As if to emphasize that the number of potential plots in this expansive grief story is unlimited, Dear Edward, immediately overextended, and that was before a few of the main characters, including Brittany S. Hall’s Amanda, Dario Ladani Sanchez’s Sam, and Ivan Shaw’s Steve, appeared mid-season. The support group is an opportunity for characters to present and express their feelings about their survivor’s remorse, but it’s also an opportunity to introduce new people and pair characters according to permutations. different.
Soon, disparate survivors will live together, sleep together, and provide financial services together, borderless uncanny like the recently released Apple TV comedy + shrink. Oh, and like shrink, Dear Edward, the fact that emotional rock needles pierce the wall, it’s likely that the series will turn into a musical at some point. I called the show “Dear Edward Hansen” before I realized that Dear Evan Hansen, The boys co-wrote the show’s opening theme, which featured at least 60 percent Lizzy McAlpine singing “hold on.” It is very Dear Evan Hansen,.
But if you put a lot of these characters in the same place with so many storylines and they all revolve around pain, along with some hollow mystery, even if the setting isn’t entirely unrealistic and certainly not irrelevant – pain, especially in a collective situation, is an all-consuming spiral – there is the danger that the story could become a bit mechanical. It usually works here. Two “secret gay” twists? Sure, it’s the echo. A topic related to a broken piano? It was by chance that a member of the support group repaired the piano for a living. A party in need of an appetizer? How great it is when someone just found a secret recipe for dumplings!
It becomes putting the pieces together and feels like solving a puzzle rather than creating a world. Edward’s new home is next to a quirky girl (Eva Ariel Binder’s Shay) who spends all her time practicing for wheelchair race trials. And while I’m sure some viewers will find that the wheelchair race storyline is random and unconnected — those won’t notice that the entire show revolves around violent collisions. force, no padding, characteristic of human interaction — I like it because it’s so interesting. The only storyline in the entire show that feels like it continues when the camera isn’t running. For example, Connie Britton’s Dee Dee had a daughter, and a long time passed without anyone even admitting that this daughter existed. She only goes on mothballs when she’s not on camera. The show’s world is simultaneously stretched and strangely sealed off.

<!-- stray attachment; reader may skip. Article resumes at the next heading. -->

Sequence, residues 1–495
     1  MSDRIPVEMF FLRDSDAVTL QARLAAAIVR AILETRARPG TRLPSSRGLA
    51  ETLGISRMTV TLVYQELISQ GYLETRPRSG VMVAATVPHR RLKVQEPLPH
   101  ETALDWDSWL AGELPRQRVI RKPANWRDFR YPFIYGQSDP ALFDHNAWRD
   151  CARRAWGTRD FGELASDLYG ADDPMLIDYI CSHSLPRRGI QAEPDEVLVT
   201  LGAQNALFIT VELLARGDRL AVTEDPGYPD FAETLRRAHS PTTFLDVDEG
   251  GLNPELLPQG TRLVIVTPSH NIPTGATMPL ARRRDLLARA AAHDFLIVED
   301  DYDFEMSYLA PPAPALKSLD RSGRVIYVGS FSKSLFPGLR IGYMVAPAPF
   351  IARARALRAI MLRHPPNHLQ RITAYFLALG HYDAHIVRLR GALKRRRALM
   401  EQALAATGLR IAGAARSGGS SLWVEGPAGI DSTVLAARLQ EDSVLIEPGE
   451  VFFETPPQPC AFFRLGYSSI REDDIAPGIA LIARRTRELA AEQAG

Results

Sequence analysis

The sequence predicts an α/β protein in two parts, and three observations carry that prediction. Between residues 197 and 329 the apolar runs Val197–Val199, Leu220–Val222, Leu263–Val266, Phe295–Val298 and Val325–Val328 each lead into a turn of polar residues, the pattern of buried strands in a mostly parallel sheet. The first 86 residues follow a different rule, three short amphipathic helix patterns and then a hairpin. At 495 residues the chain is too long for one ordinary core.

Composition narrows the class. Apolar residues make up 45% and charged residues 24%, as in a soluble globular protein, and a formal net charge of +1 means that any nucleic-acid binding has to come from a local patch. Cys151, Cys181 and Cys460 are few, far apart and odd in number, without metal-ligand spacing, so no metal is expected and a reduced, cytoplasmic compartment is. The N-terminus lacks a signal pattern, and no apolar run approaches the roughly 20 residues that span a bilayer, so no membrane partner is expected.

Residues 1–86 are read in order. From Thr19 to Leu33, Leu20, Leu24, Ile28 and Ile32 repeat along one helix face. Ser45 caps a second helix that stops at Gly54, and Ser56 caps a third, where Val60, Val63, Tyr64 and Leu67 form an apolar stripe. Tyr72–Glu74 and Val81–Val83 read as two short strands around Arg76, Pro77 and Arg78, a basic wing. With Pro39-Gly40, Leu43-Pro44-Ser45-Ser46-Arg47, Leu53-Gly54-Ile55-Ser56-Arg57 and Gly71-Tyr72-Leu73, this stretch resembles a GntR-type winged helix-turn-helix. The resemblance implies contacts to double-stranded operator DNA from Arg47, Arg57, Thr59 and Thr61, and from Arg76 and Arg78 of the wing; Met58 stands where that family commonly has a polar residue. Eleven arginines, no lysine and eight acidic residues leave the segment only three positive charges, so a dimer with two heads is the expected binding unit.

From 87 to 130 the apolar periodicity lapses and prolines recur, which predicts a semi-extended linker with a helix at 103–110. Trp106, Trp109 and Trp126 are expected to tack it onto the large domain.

Mostly, though, the shows interest me.
O’Brien is fully committed to Edward’s pain as a deeply physical thing; the character is so withdrawn that he is curled up, causing his explosive or even fleeting emotions to radiate. Also working very well in a quiet registry is Forsyth, who barely needs dialogue to make Linda sad and sympathetic. Britton is almost the opposite, with a big rhythm performance, some weird and perhaps inappropriate comics, though always watchable. There’s a spaciousness to Britton and a fragility to Schilling’s turn, qualities that put both in danger of being overstated, although I think I find the latter to be more consistently effective. I like Hall and Hudson, although both fit the “characters go into cold storage whenever they’re not around” problem. And I like the relationship between Uzele and DeBrand’s characters, even if Kojo is the idea of a character rather than a real person.
I cried while watching Dear Edward,? Absolute. It is almost impossible to avoid. Katims is a master. But already be a parent And Friday night lights shows that make viewers cry, or are they great shows that often revel in the tapestry of human experience to evoke tears? I will certainly argue later. Dear Edward, much closer to the former, not an example of a great artist squandering his talent, but possibly an example of a great artist not using all the colors on his easel.